The XL pipeline has become as a rallying point for environmentalists and other activists in the same fashion as was the debate over ‘clear-cutting’ in the Great Bear Forest and the seal hunt. But the strategic value of Canadian oil and gas is not lost on the Pentagon. As for the US environmentalist movement, Prime Minister Harper has tartly observed in the context of the Northern Gateway application that “just because certain people in the United States would like to see Canada be one giant national park for the northern half of North America, I don’t think that’s part of what our review process is all about.”
The oil sands and XL debate underlines why we have to get our oil and gas by pipeline, rail or truck to tidewater ports on the Pacific or Atlantic coasts if we are to diversify our markets and get a better price for our product.
Trade between Canada and the US continues to be the biggest between any two nations.
Trade generates jobs and with the American public consistently putting the economy and jobs at the top of their priority list it will feature large in the SOTU. The President has promised to double American exports. Last year a study commissioned by the Canadian Embassy concluded eight million jobs in the US depend on trade with Canada and that for 35 American states Canada is their main export destination.
If the President talks about infrastructure then we can hope for an early permitting of the proposed new Second Crossing between Detroit and Windsor. This is our busiest commercial gateway and it has encountered many obstacles including a ballot initiative sponsored by the Ambassador Bridge owner that was defeated in November. As Ambassador Doer remarked at that time, the bridge will create 10,000 – 15,000 direct construction jobs in Michigan. Michigan’s share of the bridge cost, estimated to be $550 million, will be paid by the Government of Canada and recouped through bridge tolls. Any cost overruns or revenue shortfalls will be paid by Canada. The bridge will be built with U.S. and Canadian steel.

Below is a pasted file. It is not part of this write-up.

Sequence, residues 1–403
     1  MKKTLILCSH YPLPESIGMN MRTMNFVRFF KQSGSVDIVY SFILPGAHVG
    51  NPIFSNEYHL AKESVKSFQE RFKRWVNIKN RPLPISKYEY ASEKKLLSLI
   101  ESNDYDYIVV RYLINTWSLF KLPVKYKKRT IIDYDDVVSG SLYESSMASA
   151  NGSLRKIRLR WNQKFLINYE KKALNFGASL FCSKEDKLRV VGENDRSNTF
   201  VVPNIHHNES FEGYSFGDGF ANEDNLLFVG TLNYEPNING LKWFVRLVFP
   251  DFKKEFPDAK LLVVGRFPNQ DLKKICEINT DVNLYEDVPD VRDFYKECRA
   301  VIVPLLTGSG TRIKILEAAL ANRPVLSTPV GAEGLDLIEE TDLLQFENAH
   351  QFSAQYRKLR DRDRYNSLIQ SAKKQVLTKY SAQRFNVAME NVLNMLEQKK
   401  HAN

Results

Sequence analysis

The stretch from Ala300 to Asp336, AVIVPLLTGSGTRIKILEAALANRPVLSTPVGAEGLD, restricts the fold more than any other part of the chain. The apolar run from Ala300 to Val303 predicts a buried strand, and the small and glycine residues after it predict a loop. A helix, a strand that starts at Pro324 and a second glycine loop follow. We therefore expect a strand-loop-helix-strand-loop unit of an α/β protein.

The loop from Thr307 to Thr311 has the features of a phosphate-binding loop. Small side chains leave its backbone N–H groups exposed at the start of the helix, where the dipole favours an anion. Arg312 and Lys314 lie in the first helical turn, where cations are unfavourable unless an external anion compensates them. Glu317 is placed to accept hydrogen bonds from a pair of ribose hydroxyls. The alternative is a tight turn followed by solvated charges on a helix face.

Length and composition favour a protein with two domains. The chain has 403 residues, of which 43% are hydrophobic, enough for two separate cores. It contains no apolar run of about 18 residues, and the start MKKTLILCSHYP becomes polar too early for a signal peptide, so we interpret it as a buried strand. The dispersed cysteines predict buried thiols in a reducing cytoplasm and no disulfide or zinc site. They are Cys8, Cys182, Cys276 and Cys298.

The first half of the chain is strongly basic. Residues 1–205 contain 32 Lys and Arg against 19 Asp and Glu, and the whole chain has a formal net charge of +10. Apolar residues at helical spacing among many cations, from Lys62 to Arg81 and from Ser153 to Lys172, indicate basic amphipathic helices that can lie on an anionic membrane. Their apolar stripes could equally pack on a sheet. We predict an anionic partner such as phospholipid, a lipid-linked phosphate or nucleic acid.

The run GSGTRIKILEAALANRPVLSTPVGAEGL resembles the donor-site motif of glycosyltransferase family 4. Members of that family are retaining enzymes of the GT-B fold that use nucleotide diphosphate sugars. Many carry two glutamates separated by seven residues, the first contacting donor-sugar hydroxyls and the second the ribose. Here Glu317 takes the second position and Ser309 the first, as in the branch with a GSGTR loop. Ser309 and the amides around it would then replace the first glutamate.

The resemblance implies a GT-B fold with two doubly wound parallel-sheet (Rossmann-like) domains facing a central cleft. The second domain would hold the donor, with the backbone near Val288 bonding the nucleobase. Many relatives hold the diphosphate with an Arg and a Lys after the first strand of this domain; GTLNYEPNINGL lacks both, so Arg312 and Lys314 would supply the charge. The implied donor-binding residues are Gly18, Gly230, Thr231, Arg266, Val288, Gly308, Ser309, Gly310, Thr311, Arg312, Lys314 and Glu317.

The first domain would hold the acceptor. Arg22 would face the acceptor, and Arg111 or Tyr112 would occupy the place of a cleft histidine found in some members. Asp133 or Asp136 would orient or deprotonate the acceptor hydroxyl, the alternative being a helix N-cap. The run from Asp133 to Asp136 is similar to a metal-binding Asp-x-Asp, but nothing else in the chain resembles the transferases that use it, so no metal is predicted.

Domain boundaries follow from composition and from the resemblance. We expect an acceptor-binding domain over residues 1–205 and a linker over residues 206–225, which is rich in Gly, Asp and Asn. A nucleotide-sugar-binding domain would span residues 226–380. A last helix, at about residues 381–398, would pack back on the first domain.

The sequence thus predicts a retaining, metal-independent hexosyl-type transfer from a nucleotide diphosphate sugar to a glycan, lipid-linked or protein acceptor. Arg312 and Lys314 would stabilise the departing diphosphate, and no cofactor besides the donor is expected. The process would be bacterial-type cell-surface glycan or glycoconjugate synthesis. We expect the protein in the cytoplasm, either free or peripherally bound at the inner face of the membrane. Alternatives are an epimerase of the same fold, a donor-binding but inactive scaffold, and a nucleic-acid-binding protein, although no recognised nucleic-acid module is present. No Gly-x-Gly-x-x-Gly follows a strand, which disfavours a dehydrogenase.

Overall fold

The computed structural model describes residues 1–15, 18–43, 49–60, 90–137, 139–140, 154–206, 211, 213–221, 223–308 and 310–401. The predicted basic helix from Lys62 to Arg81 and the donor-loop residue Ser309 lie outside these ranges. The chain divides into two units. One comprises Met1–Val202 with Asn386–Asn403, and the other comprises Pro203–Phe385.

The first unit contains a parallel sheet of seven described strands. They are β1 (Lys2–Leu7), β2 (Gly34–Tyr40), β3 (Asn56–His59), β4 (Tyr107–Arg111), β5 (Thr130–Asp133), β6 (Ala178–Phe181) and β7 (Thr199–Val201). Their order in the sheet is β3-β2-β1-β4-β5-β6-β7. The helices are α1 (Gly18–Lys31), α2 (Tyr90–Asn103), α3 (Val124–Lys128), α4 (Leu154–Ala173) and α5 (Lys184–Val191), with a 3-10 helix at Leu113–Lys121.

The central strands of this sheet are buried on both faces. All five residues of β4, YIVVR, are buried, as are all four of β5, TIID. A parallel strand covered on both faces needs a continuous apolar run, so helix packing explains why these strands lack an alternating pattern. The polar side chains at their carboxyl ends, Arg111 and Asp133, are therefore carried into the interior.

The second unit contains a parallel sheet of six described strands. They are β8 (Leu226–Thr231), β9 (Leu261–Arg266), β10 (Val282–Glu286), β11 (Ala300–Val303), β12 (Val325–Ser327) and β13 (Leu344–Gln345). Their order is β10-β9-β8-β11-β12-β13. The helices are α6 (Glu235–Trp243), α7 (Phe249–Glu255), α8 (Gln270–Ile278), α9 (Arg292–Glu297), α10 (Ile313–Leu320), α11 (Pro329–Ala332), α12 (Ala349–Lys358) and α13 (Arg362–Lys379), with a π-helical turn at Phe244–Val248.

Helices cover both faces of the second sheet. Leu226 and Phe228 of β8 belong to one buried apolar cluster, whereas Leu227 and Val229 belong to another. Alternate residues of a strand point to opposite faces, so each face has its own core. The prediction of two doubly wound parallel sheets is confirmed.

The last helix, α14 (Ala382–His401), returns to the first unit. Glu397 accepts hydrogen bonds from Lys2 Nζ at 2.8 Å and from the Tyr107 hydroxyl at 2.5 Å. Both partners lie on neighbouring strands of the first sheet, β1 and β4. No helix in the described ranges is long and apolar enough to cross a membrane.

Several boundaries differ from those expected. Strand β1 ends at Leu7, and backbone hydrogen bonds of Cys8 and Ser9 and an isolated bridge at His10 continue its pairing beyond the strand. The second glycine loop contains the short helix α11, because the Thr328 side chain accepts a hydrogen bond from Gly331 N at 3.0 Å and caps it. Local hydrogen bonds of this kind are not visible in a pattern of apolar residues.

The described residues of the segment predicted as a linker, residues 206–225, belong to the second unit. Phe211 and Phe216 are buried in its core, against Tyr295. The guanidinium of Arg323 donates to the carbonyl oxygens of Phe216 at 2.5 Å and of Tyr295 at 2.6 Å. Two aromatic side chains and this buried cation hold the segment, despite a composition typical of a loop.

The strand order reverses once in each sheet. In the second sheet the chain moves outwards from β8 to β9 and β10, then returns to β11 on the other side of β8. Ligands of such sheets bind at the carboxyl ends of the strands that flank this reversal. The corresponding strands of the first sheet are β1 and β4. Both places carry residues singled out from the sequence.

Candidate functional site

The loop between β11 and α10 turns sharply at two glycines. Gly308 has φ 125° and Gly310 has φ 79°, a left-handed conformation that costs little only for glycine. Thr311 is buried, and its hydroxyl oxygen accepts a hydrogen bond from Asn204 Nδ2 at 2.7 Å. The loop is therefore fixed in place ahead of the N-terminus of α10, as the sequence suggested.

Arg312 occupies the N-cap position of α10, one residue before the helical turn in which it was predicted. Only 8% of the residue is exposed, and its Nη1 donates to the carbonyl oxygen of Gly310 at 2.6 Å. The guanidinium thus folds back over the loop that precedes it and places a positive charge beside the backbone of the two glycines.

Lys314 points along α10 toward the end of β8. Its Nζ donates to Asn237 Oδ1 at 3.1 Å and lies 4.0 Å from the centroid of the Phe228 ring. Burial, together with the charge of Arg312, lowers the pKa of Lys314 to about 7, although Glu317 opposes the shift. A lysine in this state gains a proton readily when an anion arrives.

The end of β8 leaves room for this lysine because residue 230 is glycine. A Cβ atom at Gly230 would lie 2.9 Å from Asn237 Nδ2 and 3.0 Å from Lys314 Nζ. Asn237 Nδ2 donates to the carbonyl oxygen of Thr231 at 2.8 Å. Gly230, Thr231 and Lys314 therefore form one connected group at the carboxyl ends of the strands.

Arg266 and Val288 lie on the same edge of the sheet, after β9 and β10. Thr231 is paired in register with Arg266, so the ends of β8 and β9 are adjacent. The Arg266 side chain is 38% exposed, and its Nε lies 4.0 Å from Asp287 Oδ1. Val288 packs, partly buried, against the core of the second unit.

Departing Secretary of Transportation Ray Lahood talked positively of the project last week saying that “I think everything is possible in Michigan when it comes to transportation. I think of the leadership of the governor (Rick Snyder) with Canada on the bridge crossing; what that will mean in terms of jobs, what that will mean in terms of the kind of relationship we have with Canada in terms of exports and imports. They need to get this project under way, get it done, and continue this kind of continuity of leadership that exists.”
Access to the US market is always a top Canadian priority.
A pair of initiatives launched by the President and Prime Minister in February, 2011 put aside the false choice between security and trade recognizing that economic security is vital to North American competitiveness. The initiatives are aimed at improving border access and regulatory cooperation based on the principle of “cleared once, inspected twice”. Process can be a placebo for action, but in this case process is progress because we need to see attitudinal change on the part of those who mind the border.